Thank you for choosing our services. We want you to benefit from our experience and have as carefree a holiday as possible so please take a few moments before you go to read through our “Holiday Essentials”. If you know what to expect in advance it will allow you to pack and plan accordingly thus ensuring you have an enjoyable trip
Your trip has been planned to maximize your enjoyment and you will have the support of your local guides at each destination.
Hotline 24 hours: +84 (0) 982 159 777 (Cellphone/Viber/WhatsApp)
All travelers must have a passport valid for at least 6 months from the date of arrival and containing at least 2 blank pages for affixing visas and arrival stamps. Anyone intending to visit more than one country should allow at least 2 blank pages for each country on the itinerary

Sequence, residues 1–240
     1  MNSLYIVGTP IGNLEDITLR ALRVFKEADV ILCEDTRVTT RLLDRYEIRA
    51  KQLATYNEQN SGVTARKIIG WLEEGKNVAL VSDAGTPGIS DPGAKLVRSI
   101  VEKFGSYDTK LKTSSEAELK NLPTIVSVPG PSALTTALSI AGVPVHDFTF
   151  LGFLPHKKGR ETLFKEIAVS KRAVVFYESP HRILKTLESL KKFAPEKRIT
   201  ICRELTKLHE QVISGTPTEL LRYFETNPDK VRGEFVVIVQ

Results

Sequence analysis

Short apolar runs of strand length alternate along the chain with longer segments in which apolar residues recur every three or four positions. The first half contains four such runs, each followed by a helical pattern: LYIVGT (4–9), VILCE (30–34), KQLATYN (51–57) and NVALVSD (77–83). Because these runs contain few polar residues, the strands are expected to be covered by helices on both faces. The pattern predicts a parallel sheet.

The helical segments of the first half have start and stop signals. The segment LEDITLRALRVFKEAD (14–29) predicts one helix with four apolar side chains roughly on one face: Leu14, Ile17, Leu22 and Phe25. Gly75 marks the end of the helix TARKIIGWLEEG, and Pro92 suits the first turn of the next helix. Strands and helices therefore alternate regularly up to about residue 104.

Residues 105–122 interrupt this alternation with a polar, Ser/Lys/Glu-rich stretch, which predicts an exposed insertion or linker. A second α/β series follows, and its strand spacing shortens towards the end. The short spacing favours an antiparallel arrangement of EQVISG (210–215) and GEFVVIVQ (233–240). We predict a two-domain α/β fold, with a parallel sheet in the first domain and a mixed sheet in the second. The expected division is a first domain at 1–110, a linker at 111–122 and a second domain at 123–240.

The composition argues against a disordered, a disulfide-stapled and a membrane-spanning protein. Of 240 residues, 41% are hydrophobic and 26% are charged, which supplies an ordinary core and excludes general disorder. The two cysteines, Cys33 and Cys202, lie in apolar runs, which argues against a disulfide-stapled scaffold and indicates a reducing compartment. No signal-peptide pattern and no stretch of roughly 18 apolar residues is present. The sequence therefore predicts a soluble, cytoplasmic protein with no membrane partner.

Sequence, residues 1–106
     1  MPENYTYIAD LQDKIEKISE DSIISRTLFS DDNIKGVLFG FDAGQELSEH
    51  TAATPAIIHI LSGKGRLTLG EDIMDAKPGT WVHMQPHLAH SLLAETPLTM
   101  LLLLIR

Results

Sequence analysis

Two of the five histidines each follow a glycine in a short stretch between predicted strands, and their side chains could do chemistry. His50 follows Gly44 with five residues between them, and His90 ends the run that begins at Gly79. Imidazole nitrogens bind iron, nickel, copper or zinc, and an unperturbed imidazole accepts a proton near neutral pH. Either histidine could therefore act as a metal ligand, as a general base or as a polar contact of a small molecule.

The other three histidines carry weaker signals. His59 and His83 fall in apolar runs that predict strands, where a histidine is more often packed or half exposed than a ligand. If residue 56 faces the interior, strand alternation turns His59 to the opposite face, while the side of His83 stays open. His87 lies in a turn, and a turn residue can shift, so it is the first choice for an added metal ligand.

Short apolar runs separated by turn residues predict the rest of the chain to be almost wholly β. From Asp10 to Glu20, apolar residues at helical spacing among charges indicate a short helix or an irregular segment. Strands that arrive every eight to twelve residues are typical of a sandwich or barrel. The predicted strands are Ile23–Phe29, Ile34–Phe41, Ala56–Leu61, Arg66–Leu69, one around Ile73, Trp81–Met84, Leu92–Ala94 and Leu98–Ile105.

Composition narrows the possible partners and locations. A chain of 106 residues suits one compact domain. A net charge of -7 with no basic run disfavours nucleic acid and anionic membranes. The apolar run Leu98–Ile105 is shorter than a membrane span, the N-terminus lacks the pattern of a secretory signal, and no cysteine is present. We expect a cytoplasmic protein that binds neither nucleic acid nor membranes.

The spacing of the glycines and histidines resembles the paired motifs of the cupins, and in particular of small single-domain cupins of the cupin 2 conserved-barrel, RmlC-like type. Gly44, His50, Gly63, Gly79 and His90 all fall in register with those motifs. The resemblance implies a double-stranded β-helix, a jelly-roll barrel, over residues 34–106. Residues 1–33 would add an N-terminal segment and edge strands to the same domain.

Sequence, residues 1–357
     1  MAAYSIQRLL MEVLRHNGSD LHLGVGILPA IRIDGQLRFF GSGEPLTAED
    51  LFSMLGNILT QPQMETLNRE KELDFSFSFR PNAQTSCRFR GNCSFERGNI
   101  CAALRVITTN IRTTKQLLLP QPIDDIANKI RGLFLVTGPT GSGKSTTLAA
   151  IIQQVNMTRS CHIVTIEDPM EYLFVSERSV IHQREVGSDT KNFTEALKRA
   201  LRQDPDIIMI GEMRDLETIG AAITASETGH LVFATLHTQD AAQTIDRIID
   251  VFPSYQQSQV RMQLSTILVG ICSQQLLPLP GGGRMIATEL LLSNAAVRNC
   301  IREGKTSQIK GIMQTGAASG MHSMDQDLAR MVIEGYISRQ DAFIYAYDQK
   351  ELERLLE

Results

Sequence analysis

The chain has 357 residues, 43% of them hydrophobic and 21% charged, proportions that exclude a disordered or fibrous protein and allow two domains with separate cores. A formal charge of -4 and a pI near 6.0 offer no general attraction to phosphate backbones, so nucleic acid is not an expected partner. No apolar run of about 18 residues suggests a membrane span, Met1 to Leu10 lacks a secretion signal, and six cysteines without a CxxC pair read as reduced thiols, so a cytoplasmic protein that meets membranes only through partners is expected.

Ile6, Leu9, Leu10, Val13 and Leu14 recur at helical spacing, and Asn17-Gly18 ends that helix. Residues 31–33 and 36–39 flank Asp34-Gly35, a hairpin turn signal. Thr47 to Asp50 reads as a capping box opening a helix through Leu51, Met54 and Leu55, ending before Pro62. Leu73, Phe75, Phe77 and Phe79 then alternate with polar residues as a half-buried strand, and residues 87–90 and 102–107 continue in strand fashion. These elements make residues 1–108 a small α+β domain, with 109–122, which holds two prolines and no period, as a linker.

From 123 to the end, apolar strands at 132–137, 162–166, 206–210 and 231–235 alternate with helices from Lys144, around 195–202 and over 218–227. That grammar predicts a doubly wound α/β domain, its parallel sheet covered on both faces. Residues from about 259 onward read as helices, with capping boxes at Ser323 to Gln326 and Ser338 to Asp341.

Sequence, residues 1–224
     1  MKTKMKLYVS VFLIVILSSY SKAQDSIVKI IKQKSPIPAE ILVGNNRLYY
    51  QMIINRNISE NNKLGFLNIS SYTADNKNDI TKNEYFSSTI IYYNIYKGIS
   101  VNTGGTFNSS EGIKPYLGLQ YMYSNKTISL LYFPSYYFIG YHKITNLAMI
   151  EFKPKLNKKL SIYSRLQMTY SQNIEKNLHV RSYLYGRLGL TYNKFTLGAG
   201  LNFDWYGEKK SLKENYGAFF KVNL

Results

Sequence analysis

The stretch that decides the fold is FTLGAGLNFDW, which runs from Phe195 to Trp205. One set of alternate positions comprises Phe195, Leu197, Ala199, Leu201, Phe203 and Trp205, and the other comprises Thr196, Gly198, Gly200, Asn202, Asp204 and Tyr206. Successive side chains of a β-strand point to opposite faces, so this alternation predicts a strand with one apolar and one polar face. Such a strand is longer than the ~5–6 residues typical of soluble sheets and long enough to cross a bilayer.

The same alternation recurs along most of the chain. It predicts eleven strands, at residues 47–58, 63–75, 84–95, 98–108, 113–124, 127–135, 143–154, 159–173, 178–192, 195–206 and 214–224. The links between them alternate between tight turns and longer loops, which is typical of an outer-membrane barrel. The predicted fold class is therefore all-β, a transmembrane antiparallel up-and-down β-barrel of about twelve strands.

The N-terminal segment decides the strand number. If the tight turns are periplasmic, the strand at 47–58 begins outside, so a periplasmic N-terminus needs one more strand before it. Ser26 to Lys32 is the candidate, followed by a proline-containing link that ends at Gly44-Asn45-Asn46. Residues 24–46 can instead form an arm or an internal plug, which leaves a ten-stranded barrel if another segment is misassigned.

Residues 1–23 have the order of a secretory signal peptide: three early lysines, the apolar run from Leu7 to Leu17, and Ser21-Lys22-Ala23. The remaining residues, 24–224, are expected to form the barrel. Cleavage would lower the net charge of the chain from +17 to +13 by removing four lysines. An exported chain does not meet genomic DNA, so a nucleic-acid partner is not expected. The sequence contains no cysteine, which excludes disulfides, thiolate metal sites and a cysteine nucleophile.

Your representative will hold a welcome signboard with the booking lead name at each airports
Itinerary & Guides
At each destination, you will be met on arrival by one of our local representative who will escort you to your hotel and brief you on your itinerary. Where your arrangements include a private vehicle and guide for your sightseeing, you will be escorted by an English speaking guide. If you are flying between destinations as part of your tour, you will generally have a difference guide in each area
The guide will be aware of the itinerary planned for that day but there is flexibility so you can start earlier or late or skip sites, cut visit short or linger longer depending on your mood and you can discuss with your tour guide the impact this will have on subsequent visits. You cannot add or substitute places since the sightseeing tour will have been planned as costed according to the original itinerary. In the very unlikely event that your guide is not understanding or adhering to your wishes, please call us as listed in the beginning of this document